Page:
The words so struck the parents that they were speechless. Then tears started to stream down their cheeks. Though no word was spoken, both knew what must be done. That evening the husband took Grandfather's hand and gently led him back to the family table. For the remainder of his days he ate every meal with the family. And for some reason, neither husband nor wife seemed to care any longer when a fork was dropped, milk spilled, or the tablecloth soiled.

"Honor your father and mother" is a command that we never outgrow, but is too often neglected. Our youth-oriented culture doesn't square with most of the cultures of the world throughout history. The aged have usually been revered. And is Scripture there are specific references to the godly aged.
[The righteous] still bear fruit in old age; they are ever green and full of sap...
Psalm 92:14

Eugene Peterson comments: "The life of faith does not deteriorate or wear out. The longer we praise God, the more vigorous we become. There is a flourishing of faith that properly comes to its most lively expression in the later years." I've seen this many times over. Some of my favorite people on the planet are godly men and women that have continued to "grow in grace and the knowledge of God" well into their 80s and 90s. They are "ever green and full of sap."

Bill Iverson is one such man (pictured above). I saw him recently at our church's General Assembly in Nashville for the first time in 8 or 9 years. He is still "vigorous and flourishing in the faith." He is still actively sharing the gospel with others and busy helping to plant a church in downtown Newark. His son (a missionary in Japan) and his grandson (a missionary in India) were also there. I had to introduce Heather and my kids to him, and without hesitation Bill started playing ball with my three-year-old Ellie.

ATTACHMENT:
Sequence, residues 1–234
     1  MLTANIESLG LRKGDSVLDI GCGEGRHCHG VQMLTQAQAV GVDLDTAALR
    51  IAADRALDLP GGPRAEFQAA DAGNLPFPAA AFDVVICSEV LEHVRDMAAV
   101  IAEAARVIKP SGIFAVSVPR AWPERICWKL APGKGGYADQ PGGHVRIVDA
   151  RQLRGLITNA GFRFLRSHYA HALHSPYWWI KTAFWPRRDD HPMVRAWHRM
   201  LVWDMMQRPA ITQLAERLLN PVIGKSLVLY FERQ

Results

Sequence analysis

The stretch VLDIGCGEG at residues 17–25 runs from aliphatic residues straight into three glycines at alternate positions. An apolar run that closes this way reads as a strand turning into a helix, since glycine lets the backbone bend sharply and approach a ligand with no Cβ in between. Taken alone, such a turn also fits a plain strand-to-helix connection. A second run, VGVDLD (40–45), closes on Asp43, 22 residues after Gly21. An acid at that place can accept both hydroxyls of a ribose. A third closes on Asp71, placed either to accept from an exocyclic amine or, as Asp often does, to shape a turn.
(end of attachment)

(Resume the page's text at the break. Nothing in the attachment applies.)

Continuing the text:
I love old people!

Thursday, July 8, 2010

Life Flows through Relationships

“Death creates an economy that makes life precious. One of the ways of naming that preciousness is friendship.”
--Stanley Hauerwas

Heather and I just returned from a two-week trip to Nashville and back. Along the way we lost luggage, fought colds, ate everything from Kentucky and Tennessee BBQ (I think TN won) to Georgia's best blueberry pie, did loads of laundry, and saw lots and lots of friends (although I am beating Heather in the "Facebook friend" challenge, she in reality has way more friends than me--and I'm OK with that--really!). Even when we were "by ourselves" at the Country Inn and Suites, our friends from Cape Coral were just across the hall (and I'm very OK with that--really!).

Oliver Claassen, a pastor-mentor of mine, once said that ministry flows through relationships. I've found that to be true. My version is that life flows through relationships. (I don't think Oliver would mind my edit.) Think about it--you would not be alive today if your mom and dad didn't have a relationship--good, bad or indifferent. Despite the dysfunction in your family, it still took two people to produce you.

Jesus showed how life flows through relationships by using a vineyard as an illustration (John 15). Jesus taught that He is the vine and His Father is the vinedresser. We are the branches. If we abide in Him, we will flourish and bear fruit. Apart from Him we will wither and perish. Here are Jesus' own words:
"If anyone does not abide in me he is thrown away like a branch and withers; and the branches are gathered, thrown into the fire, and burned. If you abide in me, and my words abide in you, ask whatever you wish and it will be done for you." (John 15:6-7)

I think that most of us want to ignore the first part (v. 6) and dare not believe the second part (v. 7). The bad news is that because of sin, none of us have stayed. We have all strayed. We are all runaways. We are all toast. The good news is that Jesus stayed with us. He remained. He was obedient even to death--to conquer it and bring new life. Now if we abide with Him, we'll have it. Everything connected to Jesus will be renewed. Real and lasting life flows through a relationship with Jesus.